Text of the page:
I have been using the CSEc module on the S32K144 to store cryptographic keys, generate random numbers and perform AES encryption/decryption. So I know all about how to store keys, use them and erase them.
Unfortunately, I messed up one of my trials and write protected one of the keys by mistake (not sure which one exactly). I now cannot erase all keys and restore the flash to factory settings using the usual commands of CMD_DB_CHAL and CMD_DBG_AUTH, since they require that no key is write-protected. AN5401 clearly says that I cannot reprogram or erase the keys.
However AN5401 section 18.104.22.168 "Scenario 2: One or more keys is write protected and all user keys cannot be erased. (or not all user keys are known)" states that I need to update BOOT_MAC either manually or automatically.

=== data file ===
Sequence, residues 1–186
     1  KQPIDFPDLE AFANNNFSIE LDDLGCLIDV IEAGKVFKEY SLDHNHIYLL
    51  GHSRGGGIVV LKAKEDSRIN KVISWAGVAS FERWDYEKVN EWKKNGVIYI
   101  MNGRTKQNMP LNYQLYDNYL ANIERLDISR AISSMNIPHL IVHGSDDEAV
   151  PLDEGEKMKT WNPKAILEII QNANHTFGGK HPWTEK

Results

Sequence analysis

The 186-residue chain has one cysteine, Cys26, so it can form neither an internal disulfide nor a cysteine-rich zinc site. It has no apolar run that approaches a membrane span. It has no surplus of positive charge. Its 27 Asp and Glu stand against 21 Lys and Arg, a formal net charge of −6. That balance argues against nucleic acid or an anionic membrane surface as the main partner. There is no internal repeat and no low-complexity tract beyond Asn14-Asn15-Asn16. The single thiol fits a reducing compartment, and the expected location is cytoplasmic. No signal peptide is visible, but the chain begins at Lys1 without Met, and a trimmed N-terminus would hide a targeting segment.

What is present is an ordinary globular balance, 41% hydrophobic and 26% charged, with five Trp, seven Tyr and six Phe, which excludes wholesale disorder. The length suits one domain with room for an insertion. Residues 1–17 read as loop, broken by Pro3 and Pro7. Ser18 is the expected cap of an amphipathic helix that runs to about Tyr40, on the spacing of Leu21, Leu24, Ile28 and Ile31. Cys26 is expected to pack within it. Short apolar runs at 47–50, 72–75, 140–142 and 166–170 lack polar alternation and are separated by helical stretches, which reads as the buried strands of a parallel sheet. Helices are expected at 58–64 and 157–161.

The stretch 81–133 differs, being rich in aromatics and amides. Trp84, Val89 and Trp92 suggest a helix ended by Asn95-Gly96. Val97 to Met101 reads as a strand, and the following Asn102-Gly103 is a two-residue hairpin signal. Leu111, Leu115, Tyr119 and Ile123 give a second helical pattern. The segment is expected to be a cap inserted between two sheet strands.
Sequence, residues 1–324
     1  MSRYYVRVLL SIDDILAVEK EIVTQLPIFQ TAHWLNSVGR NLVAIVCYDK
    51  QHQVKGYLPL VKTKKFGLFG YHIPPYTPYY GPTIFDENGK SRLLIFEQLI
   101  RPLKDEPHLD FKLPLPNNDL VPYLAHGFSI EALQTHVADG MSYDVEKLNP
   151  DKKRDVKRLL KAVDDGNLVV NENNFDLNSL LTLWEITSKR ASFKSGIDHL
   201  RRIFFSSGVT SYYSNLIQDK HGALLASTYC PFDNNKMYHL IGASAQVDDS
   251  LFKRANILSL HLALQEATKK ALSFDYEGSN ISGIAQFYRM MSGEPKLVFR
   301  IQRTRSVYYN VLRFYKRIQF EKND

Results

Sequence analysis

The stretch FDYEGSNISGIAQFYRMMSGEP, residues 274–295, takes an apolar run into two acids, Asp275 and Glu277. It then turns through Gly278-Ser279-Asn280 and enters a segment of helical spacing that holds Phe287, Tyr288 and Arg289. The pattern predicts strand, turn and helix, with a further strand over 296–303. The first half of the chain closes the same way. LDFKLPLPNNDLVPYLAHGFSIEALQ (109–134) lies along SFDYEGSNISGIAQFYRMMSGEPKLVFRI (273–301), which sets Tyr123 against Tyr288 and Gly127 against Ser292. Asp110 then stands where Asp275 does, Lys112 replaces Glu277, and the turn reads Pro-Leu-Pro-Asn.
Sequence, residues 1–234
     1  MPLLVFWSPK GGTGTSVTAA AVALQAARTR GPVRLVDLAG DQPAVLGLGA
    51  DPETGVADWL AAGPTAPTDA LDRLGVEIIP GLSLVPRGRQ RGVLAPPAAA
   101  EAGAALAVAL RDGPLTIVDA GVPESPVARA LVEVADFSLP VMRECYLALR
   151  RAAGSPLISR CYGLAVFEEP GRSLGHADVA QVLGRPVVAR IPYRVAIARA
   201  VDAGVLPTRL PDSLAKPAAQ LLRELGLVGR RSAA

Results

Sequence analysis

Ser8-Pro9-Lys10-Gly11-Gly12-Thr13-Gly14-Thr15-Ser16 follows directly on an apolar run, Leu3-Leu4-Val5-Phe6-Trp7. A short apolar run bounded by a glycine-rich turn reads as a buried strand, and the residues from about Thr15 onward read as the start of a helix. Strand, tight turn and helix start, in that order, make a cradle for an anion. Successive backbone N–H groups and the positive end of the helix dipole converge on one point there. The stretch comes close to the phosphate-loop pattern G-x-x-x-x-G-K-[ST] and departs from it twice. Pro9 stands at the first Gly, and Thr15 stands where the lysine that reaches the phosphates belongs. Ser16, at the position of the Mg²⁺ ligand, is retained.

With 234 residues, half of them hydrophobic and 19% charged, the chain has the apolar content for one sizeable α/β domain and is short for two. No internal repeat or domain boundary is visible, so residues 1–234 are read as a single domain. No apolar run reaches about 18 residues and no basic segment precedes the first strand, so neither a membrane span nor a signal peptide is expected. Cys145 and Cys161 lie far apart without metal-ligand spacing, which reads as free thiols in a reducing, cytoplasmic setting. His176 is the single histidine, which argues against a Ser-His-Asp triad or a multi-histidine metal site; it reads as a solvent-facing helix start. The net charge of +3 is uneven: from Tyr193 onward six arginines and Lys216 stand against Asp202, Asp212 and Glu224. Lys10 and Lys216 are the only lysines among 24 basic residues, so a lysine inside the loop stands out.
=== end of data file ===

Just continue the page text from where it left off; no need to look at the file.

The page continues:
My question is after running the first 3 steps of Example-4 Secure_boot_add_BOOT_MAC:
/* Step-1 Program the code/program flash with the code to be protected */
/* Step-2 Program BOOT_MAC_KEY into secure flash */
/* Step-3 Define the secure boot flavor and the BOOT_SIZE */
/* Reset S32K144EVB twice */
is the flash memory reset to the factory state and I can reprogram my keys again normally (even the master ECU key)? Is there anything I need to take care of?
Thanks a lot.
The example you are mentioning seems to only recompute the BOOT_MAC, it does not reset the flash to factory state. After the BOOT_MAC_KEY and the secure boot flavor and size are configured, at the next reset, CSEc will compute the MAC for the memory region 0...BOOT_SIZE and store it into the BOOT_MAC slot. After this, at each reset, the MAC will be re-computed and compared to the value stored in BOOT_MAC. If the verification fails, depending on the boot flavor configured, boot protected keys will not be available (sequential/parallel boot mode) or the main core will stay in reset (strict sequential mode).
Unfortunately, once a key is write protected, I don't think there is any method for resetting the flash memory to factory settings.